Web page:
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Sustainability, biomedical startups draw investors, founder focus

A nine-month study in 2023 showed green tech investments totalling $268.5m (US$201m).

As the deadline for achieving net zero approaches, investors and entrepreneurs in Singapore are intensifying their focus on innovations addressing environmental challenges, as evidenced by the increase in green tech investments in 2023 — a trend expected to persist into 2024.

“The sustainability sector likely saw the most number of startups being created in 2023. It was also the sector that had fewer challenges fundraising as it was aligned with several major global trends,” Hsien-Hui Tong, executive director for investment at SGInnovate, told the Singapore Business Review.

“In the coming year, we expect to see continued interest in the sustainability space,” Tong added.

The heightened emphasis on sustainability is reflected in this year's Hottest Startups list, which prominently features a slew of enterprises dedicated to addressing ecological concerns. Leading the charge in the annual list are Muuse, Incy Tech, Infinity Cube, and Prefer, each contributing innovative solutions to environmental issues.

EnterpriseSG reported that green tech deals have “consequently more than doubled since 2022.” In September 2023, volumes of green tech investments rose to 20 and had a total value of $268.5m (US$201m).

“We see traction for green tech enterprises with hardware capabilities in renewable energy, waste management, and battery services attracting investments,” EnterpriseSG in its “Singapore Venture Funding Landscape 2023: A Nine-Month Study” report.

The trend has also been observed in Asia-Pacific. “There has also been growing emphasis on sustainability and environmental concerns leading to the emergence of startups pioneering initiatives such as green technology, renewable energy, waste management, sustainable agriculture and new biodegradable materials,” Dr. PohHui Chia, associate director at Vickers Venture Partners, told the magazine.

Climate tech witnessed a significant upswing in investment, recording $10.15b (US$7.6b) in funding in 3Q23, is a testament to the demand for startups targeting sustainability challenges in the region.

“This surge reflects a growing societal urgency and investor interest in addressing pressing climate challenges through technological solutions. The record-high funding underscores the importance placed on sustainability and environmental resilience in contemporary investment strategies,” Chia said.

Chia reiterated that inventors are increasingly paying attention to startups that demonstrate a tangible social or environmental impact alongside robust financial performance.

“This signals a broader recognition within the investment community of the importance of sustainability and societal value creation. As such, startups with innovative solutions addressing pressing social or environmental challenges are likely to attract increased attention and support from investors,” Chia said.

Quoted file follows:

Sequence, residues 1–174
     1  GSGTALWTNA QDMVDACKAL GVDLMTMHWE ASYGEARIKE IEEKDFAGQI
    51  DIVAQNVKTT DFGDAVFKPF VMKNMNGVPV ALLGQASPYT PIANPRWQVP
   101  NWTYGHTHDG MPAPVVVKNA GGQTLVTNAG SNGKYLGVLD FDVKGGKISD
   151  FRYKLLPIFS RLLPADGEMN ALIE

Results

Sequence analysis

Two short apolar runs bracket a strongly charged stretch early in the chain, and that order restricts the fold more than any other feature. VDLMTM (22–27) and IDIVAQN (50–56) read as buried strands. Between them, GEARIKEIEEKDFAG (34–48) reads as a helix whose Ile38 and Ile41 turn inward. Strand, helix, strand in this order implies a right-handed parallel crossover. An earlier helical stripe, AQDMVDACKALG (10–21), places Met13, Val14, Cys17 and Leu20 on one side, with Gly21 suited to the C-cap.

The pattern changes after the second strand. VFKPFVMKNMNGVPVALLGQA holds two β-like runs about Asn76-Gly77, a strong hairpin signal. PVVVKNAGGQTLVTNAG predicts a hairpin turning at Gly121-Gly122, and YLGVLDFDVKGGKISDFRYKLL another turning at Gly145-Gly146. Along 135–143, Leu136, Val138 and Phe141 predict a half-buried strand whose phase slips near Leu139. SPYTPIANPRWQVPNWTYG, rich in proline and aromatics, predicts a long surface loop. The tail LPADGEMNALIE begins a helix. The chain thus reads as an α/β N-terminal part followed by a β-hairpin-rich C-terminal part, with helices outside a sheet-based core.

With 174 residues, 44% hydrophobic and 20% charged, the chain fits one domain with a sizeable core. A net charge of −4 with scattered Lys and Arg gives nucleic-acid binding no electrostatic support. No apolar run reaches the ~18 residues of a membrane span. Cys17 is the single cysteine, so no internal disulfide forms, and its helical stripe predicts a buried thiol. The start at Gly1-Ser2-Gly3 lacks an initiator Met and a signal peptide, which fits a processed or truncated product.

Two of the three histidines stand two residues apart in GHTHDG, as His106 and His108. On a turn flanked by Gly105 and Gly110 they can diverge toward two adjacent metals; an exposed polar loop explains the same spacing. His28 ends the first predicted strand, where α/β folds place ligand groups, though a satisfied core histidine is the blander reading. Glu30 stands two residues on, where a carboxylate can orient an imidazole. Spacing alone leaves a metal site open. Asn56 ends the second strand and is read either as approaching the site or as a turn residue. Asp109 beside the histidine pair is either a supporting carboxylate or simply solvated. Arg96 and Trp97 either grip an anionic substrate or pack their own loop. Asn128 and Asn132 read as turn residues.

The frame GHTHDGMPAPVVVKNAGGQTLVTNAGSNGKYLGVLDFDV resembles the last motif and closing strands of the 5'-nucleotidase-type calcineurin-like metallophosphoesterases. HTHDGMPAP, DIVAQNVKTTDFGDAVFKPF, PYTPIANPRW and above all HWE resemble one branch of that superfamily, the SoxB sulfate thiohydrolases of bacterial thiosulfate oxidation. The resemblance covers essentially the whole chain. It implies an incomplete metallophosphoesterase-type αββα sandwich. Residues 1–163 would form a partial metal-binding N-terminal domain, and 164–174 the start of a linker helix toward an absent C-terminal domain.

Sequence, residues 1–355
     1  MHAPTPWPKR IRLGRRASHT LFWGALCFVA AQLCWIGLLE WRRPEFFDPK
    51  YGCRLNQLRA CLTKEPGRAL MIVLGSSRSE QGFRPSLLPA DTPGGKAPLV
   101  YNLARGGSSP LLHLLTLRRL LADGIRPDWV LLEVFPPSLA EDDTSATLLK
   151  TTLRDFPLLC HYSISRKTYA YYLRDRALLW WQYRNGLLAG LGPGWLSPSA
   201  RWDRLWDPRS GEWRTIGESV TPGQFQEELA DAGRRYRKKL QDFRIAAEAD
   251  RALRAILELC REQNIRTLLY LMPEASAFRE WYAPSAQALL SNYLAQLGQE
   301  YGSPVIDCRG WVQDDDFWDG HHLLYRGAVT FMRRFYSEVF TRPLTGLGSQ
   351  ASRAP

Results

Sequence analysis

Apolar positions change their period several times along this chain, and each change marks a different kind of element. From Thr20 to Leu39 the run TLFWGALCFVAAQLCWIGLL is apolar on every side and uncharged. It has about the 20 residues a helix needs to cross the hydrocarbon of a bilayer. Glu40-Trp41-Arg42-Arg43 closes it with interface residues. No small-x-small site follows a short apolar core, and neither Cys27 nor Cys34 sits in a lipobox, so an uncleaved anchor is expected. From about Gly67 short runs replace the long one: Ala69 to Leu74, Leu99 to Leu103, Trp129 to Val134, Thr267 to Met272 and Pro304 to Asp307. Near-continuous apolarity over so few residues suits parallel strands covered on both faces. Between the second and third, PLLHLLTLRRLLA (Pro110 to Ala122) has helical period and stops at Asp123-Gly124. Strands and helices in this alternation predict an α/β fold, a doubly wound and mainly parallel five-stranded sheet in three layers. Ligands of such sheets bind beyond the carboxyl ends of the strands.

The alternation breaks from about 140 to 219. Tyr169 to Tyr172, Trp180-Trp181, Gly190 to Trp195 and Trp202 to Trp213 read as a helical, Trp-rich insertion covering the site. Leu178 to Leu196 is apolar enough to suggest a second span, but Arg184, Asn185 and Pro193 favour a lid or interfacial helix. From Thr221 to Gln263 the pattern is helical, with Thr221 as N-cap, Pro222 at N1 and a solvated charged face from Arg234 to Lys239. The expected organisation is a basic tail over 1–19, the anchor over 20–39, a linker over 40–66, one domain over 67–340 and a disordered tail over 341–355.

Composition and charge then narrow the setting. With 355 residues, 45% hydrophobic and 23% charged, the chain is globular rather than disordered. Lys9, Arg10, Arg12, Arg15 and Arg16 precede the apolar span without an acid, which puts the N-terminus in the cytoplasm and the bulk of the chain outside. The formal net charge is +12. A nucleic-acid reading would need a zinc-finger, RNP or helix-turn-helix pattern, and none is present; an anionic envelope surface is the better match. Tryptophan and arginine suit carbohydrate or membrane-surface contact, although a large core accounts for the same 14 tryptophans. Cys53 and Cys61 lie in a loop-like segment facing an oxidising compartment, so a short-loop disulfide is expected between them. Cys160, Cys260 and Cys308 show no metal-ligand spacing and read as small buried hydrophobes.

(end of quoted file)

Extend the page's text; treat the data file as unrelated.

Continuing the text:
“Sustainability and Green Technology is an area where entrepreneurs can develop innovative products and services focused on renewable energy, energy efficiency, waste management, sustainable agriculture, and circular economy practices. By incorporating sustainability and social responsibility into their business models, entrepreneurs can appeal to conscientious consumers and investors alike,” she added.

Emphasis on healthcare

Apart from climate sectors, Wesley Tay, principal at East Ventures, said he is also seeing significant opportunities in the healthcare sectors. “We are embarking on more initiatives in these areas,” Tay shared.

Representing the healthcare sector in this year’s Hottest Startups is Mito Health, founded by Kenneth Lou.

In 9M23, the value of healthcare investments in Singapore reached $221.75m (US$166m), whilst healthcare investment hit $390m (US$292m). The figures, however, are lower than their respective 2022 record.

“Startups in sectors such as healthcare and agritech continue to face challenges in fundraising, and a good number of them were struck off in 2023,” Tong shared.

The expert, however, remains positive about the outlook of the healthcare sector, particularly the biomedical space.

“[We expect] renewed interest in biomedical startups as more promising technologies get spun out of our universities and research institutes,” Tong said.

“We believe that groundbreaking developments in quantum technology will lead to greater investor interest in startups in this sector,” he added.

Chia shared a similar sentiment saying that healthcare and biotech are set for considerable growth in Asia-Pacific, projecting investors to surge in areas such as telehealth, personalised medicine, and AI-powered diagnostics.

“The ongoing emphasis on accessible and efficient healthcare solutions, coupled with advancements in technology, creates fertile ground for startups aiming to revolutionise the healthcare industry and improve patient outcomes,” Chia said.

Fintech remains a staple